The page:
Conifers are evergreens with needle like leaves or narrow leaves. Conifers grow abundantly in broad band of evergreen forest that spans northern Eurasia and North America. Farther South also they find similar conditions on mountain slopes and form broad forests. Cedars, cypresses, firs, kauri, redwoods, pines, junipers and spruces are examples of conifers.
Like maples, oaks and other broad-leaved trees, all the conifers shed their foliage periodically. But most conifers do not shed their needles at the same time and so they remain green all year round. Conifers contribute so much to our way of life compared to every other tree.
Conifers are highly useful in everyday life. They constitute about 75% of all the timber that is cut and their uses range from building construction to furniture, fence posts, pencils, plywood and veneers. Most of the papers are made from conifers. The cellulose used in the manufacture of cellophane and rayon also comes from conifers. Turpentine, resin and various tars are among the many other products derived from conifers.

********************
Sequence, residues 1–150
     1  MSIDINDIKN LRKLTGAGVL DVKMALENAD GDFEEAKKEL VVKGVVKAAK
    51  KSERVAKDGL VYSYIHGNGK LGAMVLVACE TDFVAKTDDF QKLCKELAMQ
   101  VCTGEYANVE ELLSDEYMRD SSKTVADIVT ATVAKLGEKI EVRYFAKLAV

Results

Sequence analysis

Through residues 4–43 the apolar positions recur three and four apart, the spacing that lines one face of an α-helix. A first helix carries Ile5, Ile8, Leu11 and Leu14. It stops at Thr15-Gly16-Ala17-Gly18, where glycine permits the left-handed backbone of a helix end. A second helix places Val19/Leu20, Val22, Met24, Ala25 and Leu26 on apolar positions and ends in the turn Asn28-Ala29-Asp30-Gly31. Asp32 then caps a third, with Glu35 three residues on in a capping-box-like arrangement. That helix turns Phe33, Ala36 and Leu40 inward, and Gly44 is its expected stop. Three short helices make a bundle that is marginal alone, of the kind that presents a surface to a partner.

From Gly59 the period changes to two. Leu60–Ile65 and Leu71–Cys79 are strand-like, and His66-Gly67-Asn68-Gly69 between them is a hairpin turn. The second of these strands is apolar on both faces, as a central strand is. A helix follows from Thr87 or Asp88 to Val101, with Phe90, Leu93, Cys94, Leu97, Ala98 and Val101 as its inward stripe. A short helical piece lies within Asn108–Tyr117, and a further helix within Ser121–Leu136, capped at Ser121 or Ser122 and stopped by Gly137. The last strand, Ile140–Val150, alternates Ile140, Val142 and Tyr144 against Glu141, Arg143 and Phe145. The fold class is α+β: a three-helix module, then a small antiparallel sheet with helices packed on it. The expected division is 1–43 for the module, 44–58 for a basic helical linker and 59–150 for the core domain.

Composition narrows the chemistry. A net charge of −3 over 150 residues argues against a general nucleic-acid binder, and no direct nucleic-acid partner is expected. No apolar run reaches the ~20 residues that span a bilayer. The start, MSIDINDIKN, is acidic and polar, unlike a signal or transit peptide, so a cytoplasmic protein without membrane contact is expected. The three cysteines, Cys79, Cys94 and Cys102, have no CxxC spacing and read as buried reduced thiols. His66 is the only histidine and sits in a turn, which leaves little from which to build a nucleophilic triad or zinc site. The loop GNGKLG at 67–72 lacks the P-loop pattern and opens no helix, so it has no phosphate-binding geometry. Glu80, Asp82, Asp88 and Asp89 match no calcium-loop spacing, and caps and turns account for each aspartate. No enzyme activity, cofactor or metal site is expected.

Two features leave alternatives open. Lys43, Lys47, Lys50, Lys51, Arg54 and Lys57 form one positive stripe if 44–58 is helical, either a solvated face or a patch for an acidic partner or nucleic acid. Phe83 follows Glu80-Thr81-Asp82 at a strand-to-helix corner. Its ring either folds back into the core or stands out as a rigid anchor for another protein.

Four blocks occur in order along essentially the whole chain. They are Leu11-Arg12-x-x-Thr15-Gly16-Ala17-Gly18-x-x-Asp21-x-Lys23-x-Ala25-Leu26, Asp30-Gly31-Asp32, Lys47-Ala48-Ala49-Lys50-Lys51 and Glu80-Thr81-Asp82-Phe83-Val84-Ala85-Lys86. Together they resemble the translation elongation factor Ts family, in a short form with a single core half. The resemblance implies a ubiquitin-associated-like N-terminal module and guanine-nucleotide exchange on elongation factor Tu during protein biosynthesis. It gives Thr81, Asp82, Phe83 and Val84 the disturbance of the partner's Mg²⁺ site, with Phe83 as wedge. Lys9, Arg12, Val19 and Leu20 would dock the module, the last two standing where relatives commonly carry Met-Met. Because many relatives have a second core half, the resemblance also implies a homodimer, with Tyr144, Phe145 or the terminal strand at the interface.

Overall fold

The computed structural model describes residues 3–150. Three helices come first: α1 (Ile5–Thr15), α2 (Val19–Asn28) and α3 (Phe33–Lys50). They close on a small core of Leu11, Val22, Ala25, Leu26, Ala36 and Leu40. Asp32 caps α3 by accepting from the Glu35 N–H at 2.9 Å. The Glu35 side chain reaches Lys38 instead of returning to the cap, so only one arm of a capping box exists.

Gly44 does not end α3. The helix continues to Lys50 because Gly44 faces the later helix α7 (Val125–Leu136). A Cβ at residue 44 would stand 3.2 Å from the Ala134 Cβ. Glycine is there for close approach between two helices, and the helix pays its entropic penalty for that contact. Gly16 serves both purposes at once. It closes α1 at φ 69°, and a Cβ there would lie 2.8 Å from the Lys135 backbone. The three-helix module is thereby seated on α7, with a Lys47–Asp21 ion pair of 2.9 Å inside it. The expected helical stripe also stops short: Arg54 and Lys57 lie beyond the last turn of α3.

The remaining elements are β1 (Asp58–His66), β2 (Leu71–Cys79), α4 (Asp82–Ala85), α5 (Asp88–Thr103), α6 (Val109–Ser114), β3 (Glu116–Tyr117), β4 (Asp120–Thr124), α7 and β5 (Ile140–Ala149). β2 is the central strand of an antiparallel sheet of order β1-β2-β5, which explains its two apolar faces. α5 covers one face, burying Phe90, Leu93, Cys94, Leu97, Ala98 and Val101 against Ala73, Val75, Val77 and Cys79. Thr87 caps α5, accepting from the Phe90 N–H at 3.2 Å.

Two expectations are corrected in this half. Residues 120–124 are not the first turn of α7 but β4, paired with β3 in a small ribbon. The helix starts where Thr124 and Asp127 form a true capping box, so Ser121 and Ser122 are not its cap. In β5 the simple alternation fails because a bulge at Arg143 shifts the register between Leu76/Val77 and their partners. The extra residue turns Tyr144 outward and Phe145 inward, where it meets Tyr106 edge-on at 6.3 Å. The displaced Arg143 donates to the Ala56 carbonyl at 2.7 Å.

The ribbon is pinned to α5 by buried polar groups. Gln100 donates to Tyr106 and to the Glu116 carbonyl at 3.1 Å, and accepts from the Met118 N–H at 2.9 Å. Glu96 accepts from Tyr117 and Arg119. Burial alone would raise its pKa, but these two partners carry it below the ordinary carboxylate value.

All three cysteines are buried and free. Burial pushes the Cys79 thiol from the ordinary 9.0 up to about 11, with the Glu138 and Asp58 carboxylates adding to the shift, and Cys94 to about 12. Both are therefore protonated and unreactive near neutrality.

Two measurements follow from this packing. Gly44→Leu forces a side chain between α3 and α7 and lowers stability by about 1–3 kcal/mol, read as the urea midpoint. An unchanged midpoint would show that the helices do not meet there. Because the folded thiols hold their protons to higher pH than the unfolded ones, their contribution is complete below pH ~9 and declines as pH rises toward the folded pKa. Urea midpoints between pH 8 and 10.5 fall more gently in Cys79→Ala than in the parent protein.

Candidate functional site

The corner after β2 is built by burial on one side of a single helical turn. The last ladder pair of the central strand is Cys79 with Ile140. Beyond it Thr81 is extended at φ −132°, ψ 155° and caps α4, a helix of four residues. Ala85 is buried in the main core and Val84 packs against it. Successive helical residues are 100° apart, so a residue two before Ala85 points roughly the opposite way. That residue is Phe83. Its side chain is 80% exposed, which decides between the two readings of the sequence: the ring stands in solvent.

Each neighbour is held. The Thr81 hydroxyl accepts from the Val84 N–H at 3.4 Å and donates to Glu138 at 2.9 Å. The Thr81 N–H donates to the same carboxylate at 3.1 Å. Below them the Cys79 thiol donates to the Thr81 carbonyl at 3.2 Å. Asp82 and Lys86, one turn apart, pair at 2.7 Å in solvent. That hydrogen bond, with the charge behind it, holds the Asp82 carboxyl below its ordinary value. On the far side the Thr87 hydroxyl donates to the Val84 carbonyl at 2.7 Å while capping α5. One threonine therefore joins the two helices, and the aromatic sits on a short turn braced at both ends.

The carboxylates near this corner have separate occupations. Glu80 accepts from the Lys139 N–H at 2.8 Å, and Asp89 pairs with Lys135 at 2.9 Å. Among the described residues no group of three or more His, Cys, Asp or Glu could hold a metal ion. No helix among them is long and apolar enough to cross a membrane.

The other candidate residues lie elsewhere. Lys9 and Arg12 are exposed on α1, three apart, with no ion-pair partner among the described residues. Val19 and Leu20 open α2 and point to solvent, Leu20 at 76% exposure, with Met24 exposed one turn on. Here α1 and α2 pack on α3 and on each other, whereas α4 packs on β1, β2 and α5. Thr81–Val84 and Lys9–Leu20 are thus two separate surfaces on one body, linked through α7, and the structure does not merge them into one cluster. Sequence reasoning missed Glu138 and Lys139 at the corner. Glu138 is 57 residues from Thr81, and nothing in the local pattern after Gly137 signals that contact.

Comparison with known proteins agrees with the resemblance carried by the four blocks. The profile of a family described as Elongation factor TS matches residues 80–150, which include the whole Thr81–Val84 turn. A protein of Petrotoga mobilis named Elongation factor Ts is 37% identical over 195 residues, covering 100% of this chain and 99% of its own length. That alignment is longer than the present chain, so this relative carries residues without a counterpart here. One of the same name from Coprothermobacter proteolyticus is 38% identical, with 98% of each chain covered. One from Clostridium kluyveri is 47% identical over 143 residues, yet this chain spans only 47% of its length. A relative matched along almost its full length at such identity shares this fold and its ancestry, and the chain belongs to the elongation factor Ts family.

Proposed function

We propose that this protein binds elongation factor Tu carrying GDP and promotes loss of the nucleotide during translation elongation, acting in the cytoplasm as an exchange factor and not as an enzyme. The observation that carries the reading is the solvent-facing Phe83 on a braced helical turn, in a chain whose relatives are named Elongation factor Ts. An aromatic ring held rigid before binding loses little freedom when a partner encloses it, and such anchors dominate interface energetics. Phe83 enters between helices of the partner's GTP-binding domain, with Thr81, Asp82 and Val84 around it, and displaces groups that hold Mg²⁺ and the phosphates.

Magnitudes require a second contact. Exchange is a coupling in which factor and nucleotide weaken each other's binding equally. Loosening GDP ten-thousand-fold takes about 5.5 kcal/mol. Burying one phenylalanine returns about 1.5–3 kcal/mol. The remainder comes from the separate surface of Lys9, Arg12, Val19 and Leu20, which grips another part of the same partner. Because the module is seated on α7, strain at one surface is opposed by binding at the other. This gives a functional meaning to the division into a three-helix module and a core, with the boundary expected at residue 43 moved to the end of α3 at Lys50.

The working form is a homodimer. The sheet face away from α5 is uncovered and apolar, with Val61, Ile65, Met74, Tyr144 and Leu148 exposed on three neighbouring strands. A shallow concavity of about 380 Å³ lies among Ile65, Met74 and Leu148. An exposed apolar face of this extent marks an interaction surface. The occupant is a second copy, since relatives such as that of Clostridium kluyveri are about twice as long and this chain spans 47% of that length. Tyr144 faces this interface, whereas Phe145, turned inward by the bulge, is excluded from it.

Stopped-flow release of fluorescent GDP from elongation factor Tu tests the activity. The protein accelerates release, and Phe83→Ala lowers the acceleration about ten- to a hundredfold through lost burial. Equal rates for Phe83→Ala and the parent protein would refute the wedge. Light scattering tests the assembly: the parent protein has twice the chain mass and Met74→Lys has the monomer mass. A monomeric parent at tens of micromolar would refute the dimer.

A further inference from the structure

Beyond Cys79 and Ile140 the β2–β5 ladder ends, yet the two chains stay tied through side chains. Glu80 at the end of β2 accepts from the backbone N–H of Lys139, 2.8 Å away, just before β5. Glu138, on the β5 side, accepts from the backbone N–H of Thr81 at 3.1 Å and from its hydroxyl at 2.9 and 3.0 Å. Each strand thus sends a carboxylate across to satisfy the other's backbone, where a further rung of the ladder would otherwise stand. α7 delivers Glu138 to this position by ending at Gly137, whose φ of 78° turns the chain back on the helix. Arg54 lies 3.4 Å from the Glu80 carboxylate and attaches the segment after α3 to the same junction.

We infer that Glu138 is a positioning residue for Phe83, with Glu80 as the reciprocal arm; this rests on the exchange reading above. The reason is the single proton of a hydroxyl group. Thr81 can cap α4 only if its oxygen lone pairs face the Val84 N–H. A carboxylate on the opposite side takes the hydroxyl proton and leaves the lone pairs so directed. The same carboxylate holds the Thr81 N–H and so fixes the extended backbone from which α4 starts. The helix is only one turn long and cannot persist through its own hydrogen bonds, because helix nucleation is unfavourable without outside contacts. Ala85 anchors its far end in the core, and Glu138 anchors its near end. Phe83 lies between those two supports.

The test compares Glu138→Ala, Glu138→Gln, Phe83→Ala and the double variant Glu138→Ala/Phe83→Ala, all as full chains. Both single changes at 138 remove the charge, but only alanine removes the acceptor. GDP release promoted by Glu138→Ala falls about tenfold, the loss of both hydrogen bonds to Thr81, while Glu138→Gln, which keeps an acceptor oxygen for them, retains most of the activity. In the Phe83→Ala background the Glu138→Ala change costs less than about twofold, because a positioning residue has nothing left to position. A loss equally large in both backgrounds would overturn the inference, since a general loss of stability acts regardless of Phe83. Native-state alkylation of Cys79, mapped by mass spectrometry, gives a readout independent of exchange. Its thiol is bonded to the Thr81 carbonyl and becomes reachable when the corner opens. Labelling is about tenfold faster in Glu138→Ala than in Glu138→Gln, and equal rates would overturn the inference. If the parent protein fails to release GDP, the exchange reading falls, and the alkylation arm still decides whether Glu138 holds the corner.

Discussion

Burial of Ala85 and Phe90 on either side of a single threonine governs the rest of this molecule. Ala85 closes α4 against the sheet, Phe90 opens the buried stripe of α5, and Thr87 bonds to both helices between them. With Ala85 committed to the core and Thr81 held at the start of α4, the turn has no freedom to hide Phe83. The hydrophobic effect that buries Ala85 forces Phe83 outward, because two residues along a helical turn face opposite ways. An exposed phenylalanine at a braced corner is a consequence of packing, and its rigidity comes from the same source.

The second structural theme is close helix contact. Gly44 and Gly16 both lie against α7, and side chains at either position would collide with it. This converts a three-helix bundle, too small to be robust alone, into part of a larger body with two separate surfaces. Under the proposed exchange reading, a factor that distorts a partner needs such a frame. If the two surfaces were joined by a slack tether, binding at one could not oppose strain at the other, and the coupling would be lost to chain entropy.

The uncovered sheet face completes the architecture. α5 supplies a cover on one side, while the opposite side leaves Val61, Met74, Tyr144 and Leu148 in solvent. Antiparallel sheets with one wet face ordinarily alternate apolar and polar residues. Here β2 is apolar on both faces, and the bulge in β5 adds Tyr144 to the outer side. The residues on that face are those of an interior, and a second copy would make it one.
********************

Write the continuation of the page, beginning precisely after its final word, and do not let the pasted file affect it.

Conifers have very good commercial value. Hence they are grown in scientifically managed forests and large scale plantations in many parts of the world. Trees like pine in Australia which is the fastest growing timber tree, Short leaf pine of southern US, western hemlock of North America and many others are major sources of paper pulp, turpentine and tannic acid used for tanning leather. Another giant among the conifers is the Douglas fir of the western US which reaches height of about 250 feet under ideal conditions. Redwood trees of California known to be the world’s tallest tree are also conifers.
Apart from its important uses, conifers enrich the place they live in by their sheer beauty. Conifers account for the special qualities of some of the most famous forests in the world, from the dark beauty of the Black Forest in West Germany to the awesome splendor of California’s redwood groves.